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Binary search works with sorted entries. According to the algorithm if number of entries (n) are even , then it first search the n/2th entry . If it is the key , then it is returned otherwise it checks if the key is less than or greater than the n/2 the position. If it is less , then the search continues from index 1 to n/2 -1, discarding the rest half. Similarly the process repeats until the searched key is found. In case of odd number of entries, the middle position is n-1/2.

So my question is if there are duplicate entries and we have sorted it in ascending order like 11122233. Now if we do read table binary search with key = 1(please ignore the syntax), then according to the algorithm, n/2 = 4. But 4th position is not 1, so search continues from 1 to 4th position. Now, n/2 = 2nd position which is 1 and it is the key. So the search stops at 2nd index. So second index is returned.

But in abap with read table binary search the first entry of 1, that is index 1 is returned. Why so? Please explain.

  • 1
    There are variants of binary search. Some do not stop when they find the key, but continue to make sure they find the first occurrence. See here. There is not much to say about this. SAP is free to implement whatever they feel is most useful, no? – trincot Sep 16 '17 at 7:57
  • Agree with the previous participant. SAP is free to implement any variant of algorithm they want. It's sort of questions "why the sky is blue?" – Suncatcher Sep 16 '17 at 16:30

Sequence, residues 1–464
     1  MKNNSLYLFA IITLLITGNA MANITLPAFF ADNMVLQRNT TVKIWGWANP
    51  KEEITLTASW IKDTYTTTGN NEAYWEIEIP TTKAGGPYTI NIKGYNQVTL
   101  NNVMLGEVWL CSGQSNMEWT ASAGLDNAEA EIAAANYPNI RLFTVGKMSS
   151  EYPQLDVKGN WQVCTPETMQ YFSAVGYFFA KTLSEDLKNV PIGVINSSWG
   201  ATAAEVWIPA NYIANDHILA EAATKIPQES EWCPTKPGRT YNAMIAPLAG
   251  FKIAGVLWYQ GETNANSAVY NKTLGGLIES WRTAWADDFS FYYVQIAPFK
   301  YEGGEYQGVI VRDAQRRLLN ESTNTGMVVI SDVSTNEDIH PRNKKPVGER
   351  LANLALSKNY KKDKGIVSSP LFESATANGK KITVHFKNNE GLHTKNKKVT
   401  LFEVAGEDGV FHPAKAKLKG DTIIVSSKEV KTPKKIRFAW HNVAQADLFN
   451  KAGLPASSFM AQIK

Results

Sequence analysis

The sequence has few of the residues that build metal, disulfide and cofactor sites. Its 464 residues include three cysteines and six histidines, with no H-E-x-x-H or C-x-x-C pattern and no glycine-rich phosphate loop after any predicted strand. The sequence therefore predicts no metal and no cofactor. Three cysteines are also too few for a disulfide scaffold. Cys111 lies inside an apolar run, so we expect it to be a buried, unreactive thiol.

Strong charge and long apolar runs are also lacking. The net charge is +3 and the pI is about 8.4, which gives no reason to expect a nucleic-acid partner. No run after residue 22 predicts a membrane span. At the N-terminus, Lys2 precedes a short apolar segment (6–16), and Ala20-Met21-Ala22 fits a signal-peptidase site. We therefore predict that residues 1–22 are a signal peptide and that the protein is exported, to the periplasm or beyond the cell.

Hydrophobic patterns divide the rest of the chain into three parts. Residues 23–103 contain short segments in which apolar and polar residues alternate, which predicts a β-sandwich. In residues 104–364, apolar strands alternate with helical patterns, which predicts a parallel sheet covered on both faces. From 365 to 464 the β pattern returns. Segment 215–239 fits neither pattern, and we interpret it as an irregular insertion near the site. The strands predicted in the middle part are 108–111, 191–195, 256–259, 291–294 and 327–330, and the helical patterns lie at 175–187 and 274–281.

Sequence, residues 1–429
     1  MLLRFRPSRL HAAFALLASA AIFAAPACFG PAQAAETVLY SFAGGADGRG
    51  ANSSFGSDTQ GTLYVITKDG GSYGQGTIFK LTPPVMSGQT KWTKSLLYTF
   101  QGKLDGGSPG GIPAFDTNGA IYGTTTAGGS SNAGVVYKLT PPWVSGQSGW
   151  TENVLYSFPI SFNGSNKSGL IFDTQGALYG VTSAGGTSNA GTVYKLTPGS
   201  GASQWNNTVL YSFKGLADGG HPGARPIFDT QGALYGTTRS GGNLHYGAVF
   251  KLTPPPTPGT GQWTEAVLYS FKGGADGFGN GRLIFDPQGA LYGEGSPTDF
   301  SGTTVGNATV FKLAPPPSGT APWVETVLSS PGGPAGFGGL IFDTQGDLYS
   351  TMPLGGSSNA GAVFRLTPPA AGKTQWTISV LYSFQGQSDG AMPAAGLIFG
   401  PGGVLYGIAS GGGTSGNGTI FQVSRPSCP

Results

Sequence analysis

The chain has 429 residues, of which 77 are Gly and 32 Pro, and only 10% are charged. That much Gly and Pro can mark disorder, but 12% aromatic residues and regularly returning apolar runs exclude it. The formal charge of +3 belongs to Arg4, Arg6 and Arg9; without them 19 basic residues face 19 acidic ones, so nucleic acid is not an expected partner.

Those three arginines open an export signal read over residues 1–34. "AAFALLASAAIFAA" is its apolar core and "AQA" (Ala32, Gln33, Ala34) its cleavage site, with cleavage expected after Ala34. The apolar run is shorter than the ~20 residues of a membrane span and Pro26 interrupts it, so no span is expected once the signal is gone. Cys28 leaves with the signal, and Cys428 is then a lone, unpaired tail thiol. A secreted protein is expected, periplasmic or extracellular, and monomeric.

• That means SAP uses this sort of variant of binary search.But it's definitely not a question like why sky is blue. – user3757558 Sep 16 '17 at 16:47
  • Imho, this way it is much more reliable and therefore less error-prone... – futu Sep 18 '17 at 11:13
  • futu is correct. They do this so that they can guarantee all read table statements return the first entry. that way you dont have to worry about the logic changing because of the "using binary search" clause – Jacob Levinson Sep 18 '17 at 15:53
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Because the algorithm has been specified and implemented that way:

When the addition BINARY SEARCH is used, if there are multiple hits (due to an incomplete search key or duplicate entries in the table), the first hit according to the order of the rows in the primary index is returned. This is the row with the lowest row number.

The rationale behind that would be that you would prefer a language to exhibit a stable behavior - adding some totally unrelated entries to the end of the table should not change what the READ TABLE statement locates.

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